Cheli Cresswell Subscribe to Feed
Last week, the Sustainable Endowments Institute officially released the College Sustainability Report Card 2011. This year’s edition of the Report Card contains profiles of 322 schools, as well as an additional 1,100 full survey responses comprising more than 10,000 pages of data on the sustainability practices of our nation’s colleges and universities. The report, which assesses 52 “greenness” indicators (including green building initiatives, recycling programs, endowment investment policies, renewable energy installations, and more) uses an A to F letter-grading system to evaluate performance.
At the “Preparing the Texas Workforce for the New Green Economy” Summit this past week, one of the hot issues discussed was how community colleges can engage green employers both for campus sustainability projects and to develop jobs for graduates — an undertaking that can prove challenging.
Yesterday was a big day for Campus Ecology; the “Preparing the Texas Workforce for the New Green Economy” Summit in San Antonio, Texas was a huge success. It was the first in a series of regional summits put on by the Greenforce Initiatve that NWF and Jobs for the Future (JFF) have jointly created to help spur green jobs education, innovation and training at community colleges in select regions across the country.
Minority-serving campuses have unique challenges and opportunities when it comes to sustainability. The United Negro College Fund’s Building Green Initiative supports Historically Black Colleges & Universities, Hispanic Serving Institutions, and Tribal Colleges to make their facilities more sustainable. At the Associate for the Advancement of Sustainability in Higher Education’s 2010 Summit, leaders from several institutions gave insight into strategies for achieving the goals of the Building Green Initiative: namely, increasing the number of LEED certified buildings and the number of ACUPCC signatories on those campuses.
At the AASHE Conference campus leaders from diverse backgrounds gathered to share their knowledge, experience and advice on a variety of topics — among them the perennial question of “I want to help my campus adopt sustainable energy practices, but how do I pay for it?”
Today the Colorado Conference Center felt a little like a university campus as over 500 students from an impressive array of colleges and universities showed up for the AASHE 2010 Student Summit, co-produced by NWF’s Campus Ecology program. After a keynote address by Olympic snowboarder Gretchen Bleiler, representatives from dozens of schools participated in breakout sessions on topics including “Connecting Campus to the Wider Community,” “Waste Management on Campus,” “Sustainability Success Stories,” “Financing Sustainability Projects on Campus,” and “National Student Campaigns.” Each session was entirely student-led and showcased inspiring initiatives on campuses from Northern Arizona to McGill, and from San Diego to Yale. Examples ranged from the “free store” at Bemidji State University to a student-created green lifestyle blog. Students also had the opportunity to discuss topics of their own choosing during an “Open Space” session, where participants were free to brainstorm and then lead small group discussions about the issues they felt mattered most.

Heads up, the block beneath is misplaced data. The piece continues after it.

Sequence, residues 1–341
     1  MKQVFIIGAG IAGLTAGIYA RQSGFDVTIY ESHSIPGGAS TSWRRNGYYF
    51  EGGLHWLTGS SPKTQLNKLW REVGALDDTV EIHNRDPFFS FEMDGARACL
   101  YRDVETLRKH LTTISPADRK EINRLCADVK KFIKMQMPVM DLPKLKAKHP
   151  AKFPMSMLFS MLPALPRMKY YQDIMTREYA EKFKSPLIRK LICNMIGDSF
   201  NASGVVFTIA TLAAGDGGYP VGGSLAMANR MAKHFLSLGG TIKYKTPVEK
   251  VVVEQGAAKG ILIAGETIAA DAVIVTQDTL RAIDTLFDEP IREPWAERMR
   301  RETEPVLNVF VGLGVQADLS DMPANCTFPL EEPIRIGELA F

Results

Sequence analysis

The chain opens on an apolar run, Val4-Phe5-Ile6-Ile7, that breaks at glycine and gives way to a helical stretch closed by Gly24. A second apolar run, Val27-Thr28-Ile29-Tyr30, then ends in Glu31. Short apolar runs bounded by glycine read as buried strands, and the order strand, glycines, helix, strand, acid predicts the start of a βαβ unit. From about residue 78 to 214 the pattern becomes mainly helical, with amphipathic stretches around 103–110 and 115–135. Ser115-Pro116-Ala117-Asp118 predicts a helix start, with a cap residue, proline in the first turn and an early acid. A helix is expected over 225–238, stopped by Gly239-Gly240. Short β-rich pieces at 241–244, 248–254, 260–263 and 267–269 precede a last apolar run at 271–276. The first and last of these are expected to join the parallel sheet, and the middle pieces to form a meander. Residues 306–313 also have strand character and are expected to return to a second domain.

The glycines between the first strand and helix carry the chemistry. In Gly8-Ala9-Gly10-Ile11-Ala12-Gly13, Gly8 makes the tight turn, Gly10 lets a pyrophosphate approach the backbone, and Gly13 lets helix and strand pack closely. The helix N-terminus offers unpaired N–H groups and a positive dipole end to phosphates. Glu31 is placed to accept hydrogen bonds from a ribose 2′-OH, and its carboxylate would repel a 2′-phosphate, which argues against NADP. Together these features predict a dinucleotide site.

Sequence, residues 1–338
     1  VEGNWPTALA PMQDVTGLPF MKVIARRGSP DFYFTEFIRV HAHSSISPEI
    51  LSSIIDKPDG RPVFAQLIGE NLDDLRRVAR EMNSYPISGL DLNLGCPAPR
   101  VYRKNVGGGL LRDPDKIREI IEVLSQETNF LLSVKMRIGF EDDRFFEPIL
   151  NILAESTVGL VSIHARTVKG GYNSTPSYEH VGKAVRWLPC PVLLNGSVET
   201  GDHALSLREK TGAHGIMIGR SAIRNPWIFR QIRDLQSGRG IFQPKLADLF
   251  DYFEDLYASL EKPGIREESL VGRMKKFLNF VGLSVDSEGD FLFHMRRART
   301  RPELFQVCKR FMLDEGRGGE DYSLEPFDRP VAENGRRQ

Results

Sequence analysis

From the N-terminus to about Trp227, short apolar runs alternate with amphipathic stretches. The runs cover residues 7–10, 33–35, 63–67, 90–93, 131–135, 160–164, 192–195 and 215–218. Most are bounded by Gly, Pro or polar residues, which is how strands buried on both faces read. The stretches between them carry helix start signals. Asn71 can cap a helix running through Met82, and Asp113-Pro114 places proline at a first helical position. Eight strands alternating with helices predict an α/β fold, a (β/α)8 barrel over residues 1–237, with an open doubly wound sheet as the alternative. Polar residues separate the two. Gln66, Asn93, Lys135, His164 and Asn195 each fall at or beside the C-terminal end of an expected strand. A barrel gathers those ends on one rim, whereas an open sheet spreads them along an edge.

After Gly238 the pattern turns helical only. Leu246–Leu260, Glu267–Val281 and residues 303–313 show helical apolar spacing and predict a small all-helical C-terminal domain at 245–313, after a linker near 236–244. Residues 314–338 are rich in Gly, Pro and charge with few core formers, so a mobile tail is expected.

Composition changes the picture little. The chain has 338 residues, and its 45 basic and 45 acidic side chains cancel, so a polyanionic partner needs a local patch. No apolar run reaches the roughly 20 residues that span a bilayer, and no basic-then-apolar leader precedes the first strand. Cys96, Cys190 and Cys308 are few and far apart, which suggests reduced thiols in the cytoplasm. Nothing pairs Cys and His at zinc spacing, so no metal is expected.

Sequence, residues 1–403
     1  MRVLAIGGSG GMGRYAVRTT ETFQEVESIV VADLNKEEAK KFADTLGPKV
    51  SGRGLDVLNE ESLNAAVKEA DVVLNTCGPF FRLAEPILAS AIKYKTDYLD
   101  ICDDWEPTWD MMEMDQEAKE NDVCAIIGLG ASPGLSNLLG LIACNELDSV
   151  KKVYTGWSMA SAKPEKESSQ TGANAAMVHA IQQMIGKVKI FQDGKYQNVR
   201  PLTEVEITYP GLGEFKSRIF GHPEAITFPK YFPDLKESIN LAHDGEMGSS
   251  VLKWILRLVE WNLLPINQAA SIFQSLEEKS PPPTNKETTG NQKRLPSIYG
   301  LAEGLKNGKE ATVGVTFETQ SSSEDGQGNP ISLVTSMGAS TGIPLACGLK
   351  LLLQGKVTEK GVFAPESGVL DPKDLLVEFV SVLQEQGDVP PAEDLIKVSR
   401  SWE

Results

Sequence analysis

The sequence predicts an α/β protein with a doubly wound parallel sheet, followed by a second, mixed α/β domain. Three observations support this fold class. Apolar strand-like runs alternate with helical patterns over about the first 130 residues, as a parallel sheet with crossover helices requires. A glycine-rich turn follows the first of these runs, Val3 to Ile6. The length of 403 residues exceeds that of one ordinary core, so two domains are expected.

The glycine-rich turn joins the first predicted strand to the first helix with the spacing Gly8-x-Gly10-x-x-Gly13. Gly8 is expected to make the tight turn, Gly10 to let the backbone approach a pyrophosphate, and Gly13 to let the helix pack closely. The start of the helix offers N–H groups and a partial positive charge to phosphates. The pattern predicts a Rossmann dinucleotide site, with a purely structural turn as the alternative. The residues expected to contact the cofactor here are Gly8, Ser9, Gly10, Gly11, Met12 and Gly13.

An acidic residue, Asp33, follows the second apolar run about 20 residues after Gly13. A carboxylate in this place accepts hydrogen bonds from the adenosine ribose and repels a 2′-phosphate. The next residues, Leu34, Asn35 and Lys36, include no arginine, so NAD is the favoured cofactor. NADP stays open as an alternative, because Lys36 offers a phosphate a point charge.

This fall, help your campus move beyond simple paper recycling and take climate and sustainability practices to the next level. The RePaper Project, an initiative of the Environmental Paper Network, has released a new comprehensive tool designed to facilitate that process. The guide, entitled Paper Steps on Campus: 9 Steps to Protecting the Climate and Reducing Waste through Campus Paper Policies and compiled in partnership with the National Wildlife Federation and Recycling Organizations of North America, is an essential resource even for colleges and universities that have already begun implementing sustainability initiatives on campus.
A new school year is a time of many changes, which makes it a perfect time to build new habits, get rid of old ones, and encourage those around us to do the same. There are many ways to be an environmental leader on campus, and some of theA most effective of them are easier than might be expected. From residence halls to recreation activities, most colleges and universities (even the eco-friendly ones) are full of opportunities for increased sustainability. Here are 10 ways that anyone– student, faculty, or campus liason – can help their campus “go green” in 2010-2011.
Today marks that start of the Creating Green Pathways for Lower-Skilled Adults Conference in Chicago, Illinois. The two-day event, co-hosted with NWF by Jobs For The Future and the National Fund for Workforce Solutions, is designed to help project leaders, employers, and …